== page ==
Gee, nobody told us about all this, did they?
Get a new Dermatologist !!!! When i got to the question of why you had a bilateral mastectomy i nearly fell off my chair. What the hell did she think you had it for ? Talk about bedside manner and making her cancer patients feel good about their bodies after going through such surgeries. I’m surprised that you didn’t get up off that table and tell her a thing or two. I must admit i did laugh when i got to the last item to do with out on the Rosacea. I thought,”Oh, no she can’t cut down on her alcohol intake with me coming for thanksgiving” So glad you have your blog to rant on. But I am looking for a good rant from you on my visit. Love you!!!!!!!
Wow good to know about the back fat!! I just had the diep on Oct 26th, then it failed, now healing boobie skin grafts, never would hv thought I’d be doing this!! Part of mine wrinkled under my armpit, really irritating.
Some ppl are so heartless and stupid in their comments. I can’t wait to enter the real world after months of healing here in my home cocoon.
Failed flap??? Ugh. Michelle, that’s awful. I hope you’re healed up by now. Thanks for reading!
Gawd you’re good.
I thought it was just me–a hormonal, menopausal l biatch–who was offended and turned off by her. Glad to know I’m not alone! Sorry you had to deal with her though.She obviously skipped the bedside manner classes in med school!
Oh my goodness! This entire post is just crazy. It’s crazy. I’d rather wait an hour in the waiting room than put up with that mood altering garbage. Wow. Yes, thank gooness for the blog, otherwise I suspect that doctor might have gotten a tongue lashing. ~Catherine
Wow! I can’t believe you had to deal with that! I had to find a dermatologist in Houston when I felt a lump on my face a few months ago, and I absolutely love her. Dr. Rani Cooper is at Methodist downtown at Houston Dermatology Associates. She treated me and a friend of mine with melanoma. Just thought I’d throw that out there. I know it’s a drive from Sugarland but she is worth it!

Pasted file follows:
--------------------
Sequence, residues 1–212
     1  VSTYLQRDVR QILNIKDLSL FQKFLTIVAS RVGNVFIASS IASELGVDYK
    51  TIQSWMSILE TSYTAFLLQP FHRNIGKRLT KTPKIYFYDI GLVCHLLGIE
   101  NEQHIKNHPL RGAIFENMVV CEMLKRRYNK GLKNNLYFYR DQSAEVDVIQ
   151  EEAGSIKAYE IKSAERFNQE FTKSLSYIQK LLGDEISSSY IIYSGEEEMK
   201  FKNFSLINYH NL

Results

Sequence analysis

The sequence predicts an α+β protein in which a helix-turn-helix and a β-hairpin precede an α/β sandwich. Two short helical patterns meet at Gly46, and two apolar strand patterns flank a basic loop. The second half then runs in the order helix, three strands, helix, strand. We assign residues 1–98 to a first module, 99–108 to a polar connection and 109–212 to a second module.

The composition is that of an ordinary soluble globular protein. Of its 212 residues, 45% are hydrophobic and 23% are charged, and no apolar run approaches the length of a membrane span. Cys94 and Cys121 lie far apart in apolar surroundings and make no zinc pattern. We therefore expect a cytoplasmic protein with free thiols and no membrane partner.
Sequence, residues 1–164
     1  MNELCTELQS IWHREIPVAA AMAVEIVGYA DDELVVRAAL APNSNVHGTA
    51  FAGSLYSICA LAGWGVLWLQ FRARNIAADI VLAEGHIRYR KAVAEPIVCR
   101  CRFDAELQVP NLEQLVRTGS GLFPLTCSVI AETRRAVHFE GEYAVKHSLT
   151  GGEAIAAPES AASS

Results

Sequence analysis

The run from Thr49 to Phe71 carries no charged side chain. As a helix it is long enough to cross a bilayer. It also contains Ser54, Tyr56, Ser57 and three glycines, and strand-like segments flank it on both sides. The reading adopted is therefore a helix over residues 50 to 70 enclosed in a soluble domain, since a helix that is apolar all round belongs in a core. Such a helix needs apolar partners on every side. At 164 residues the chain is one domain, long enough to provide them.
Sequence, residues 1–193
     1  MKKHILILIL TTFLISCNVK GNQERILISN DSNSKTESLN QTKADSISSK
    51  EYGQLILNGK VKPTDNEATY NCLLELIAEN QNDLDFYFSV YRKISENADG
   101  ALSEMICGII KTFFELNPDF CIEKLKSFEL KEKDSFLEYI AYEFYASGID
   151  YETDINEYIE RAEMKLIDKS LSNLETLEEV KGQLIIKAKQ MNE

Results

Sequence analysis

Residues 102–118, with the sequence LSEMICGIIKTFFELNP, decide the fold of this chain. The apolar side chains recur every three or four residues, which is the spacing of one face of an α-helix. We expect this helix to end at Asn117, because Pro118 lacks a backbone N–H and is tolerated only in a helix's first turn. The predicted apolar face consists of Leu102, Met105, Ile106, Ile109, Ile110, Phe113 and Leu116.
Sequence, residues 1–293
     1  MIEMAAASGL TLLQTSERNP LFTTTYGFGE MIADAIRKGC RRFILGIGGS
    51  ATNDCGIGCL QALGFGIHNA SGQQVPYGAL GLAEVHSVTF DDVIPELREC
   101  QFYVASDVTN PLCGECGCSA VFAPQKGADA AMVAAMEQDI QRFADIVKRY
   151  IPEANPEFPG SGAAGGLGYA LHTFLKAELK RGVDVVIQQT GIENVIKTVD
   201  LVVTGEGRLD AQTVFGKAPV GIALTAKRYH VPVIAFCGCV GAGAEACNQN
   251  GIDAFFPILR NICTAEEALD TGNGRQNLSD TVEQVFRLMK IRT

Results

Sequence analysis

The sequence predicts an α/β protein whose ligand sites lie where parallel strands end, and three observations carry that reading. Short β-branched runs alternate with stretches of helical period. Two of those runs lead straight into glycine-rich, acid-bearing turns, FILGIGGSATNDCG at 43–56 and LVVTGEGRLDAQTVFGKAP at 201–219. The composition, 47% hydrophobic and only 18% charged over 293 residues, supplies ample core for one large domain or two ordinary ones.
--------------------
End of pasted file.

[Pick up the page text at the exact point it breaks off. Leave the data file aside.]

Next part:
George Clooney would make anything better:) He’d have your back…
I have met more than my fair share of doctors lacking in bedside manners and this post really resonated with me. Also, I love that cartoon 🙂 Hilarious!
Oh really, they should have classes in bedside manner in med school and make them go for refresher courses every year! I love your sense of humor about it! The cartoon is priceless; sounds like a doctor I went to. He kept slipping in comments, like when I asked him about my cholesterol, “Well if you live 15 years to have to worry about it; you have a pretty good doctor.” I responded that I thought I did. What are these doctors thinking?! Thank God there are some good ones out there.
“Why did you have a mastectomy?” She is definitely not a rock scientist. Or human.
My ego is bruised for you. Geesh! Amazing how doctors’ brains are so full of knowledge but sorely lacking in sensitivity sometimes. On the plus side, you are hilarious. Handling that doctor’s appointment with humor deserves a big ol’ shiny trophy 🙂
Thank you I needed to hear something real!! I just had the diep Oct 26th, it failed the skin rotted off both breasts underneath, the flap looks great lol. Oh the irony and fun I’ve been able to enjoy. Currently healing skin grafts that were taken from my hips.
Your dermatologist sounds a bit heartless, but I guess you really don’t understand until you’ve been there.